Last week I blogged about the rise in importance of location-based data. The timing was not a coincidence. I am a bit of a gadget freak and last week was a pretty important event in the world of gadgets and technology in general. For the first time ever Apple, a company specializing in mobile devices, became the largest technology company in the world, edging out Microsoft, a traditional computing company. Because pretty much every mobile device today comes with ability to capture location data, I am convinced that we are entering a stage where location data will become ubiquitous.

Another reason last week was important was Google Chrome v5 of the browser exiting beta. One of the really nifty surprises in this latest version of the Google browser is its ability to collect location data, with your permission of course, and have an application running in the browser use this location data to provide a better user experience by tailoring the content to your location.

application wants to track your location

Applications tailor user experience an data based on location

I expect we will be seing a message that an application wants to track our physical location a lot more often.

Another reason for timing the post last week had quite a bit to do with DB2. We just released a new version fo DB2, version 9.7.2. It is a minor release but it does have some really nice functionality in addition to just quality improvements. If you have not downloaded it yet, take a few minutes to get and install free DB2 Express-C v9.7.2. And while you are getting DB2 Express-C (did I mention it is free?) also get the free DB2 Spatial Extender. DB2 Spatial Extender is a clever free addition to the DB2 server that makes DB2 able to store location-based data and query the data based on location, proximity, distances etc. Version 9.7.2 has additional enhancements for the DB2 Spatial Extender when using it in partitioned database environments (DPF).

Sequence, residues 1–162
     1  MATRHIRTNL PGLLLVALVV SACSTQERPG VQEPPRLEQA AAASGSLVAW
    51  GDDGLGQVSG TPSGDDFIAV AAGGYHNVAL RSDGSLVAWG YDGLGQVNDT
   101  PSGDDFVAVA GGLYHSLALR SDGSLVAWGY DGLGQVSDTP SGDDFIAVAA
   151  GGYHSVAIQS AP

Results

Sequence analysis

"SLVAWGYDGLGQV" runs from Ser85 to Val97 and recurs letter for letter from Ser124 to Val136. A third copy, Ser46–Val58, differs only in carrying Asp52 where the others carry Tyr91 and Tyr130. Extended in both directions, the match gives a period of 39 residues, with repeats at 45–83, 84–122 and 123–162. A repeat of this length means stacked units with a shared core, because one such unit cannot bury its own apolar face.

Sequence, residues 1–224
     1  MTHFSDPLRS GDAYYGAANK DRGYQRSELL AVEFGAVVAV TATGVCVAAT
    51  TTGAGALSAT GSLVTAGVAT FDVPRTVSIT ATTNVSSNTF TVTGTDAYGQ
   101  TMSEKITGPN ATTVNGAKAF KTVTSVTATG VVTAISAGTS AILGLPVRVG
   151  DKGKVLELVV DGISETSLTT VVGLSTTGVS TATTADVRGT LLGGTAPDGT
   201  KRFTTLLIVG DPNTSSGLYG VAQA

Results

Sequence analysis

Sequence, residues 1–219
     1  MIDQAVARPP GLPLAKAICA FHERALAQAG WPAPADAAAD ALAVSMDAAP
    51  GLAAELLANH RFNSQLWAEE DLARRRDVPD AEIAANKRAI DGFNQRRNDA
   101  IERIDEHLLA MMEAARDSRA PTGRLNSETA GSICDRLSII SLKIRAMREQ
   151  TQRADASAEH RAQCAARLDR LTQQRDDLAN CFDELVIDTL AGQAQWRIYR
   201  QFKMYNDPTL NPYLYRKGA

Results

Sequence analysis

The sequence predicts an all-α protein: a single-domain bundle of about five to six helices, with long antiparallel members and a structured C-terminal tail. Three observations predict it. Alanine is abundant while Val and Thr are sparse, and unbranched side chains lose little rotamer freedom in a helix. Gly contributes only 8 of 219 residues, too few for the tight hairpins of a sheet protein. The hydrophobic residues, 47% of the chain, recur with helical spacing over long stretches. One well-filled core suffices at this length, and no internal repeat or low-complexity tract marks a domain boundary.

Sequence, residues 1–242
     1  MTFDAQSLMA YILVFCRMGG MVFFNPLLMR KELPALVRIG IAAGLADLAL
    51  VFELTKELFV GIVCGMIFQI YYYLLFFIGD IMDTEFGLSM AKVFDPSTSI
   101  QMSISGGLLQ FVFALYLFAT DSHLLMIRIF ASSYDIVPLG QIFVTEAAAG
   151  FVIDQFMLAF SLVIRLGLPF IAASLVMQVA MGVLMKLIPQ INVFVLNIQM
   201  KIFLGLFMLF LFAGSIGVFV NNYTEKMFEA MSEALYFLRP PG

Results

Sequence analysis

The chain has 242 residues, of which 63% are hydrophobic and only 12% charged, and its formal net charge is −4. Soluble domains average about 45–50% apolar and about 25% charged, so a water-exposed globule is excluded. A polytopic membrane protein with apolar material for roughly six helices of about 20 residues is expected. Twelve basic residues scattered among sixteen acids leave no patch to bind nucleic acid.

Huge sinkhole in Guatemala City after tropical storm Agatha

AFP - Getty Images

Consider a situation where you are faced with organizing rescue and public safety  efforts in Guatemala City after the devastating tropical storm Agatha.  You are going to want to figure out natural gas, electricity and water infrastructure affected by this giant sinkhole. You are going to want dispatch police and other first response units from proper districts. DB2 can help, via a standard SQL query, find every water supply line that is affected, every live power line and gas line that needs to be shutdown to prevent further damage and loss of life.

To learn how to enable DB2 for processing spatial data, tune in to the Chat with the Lab that was recorded last week and learn from David Adler, an expert in the field of spatial data and DB2.

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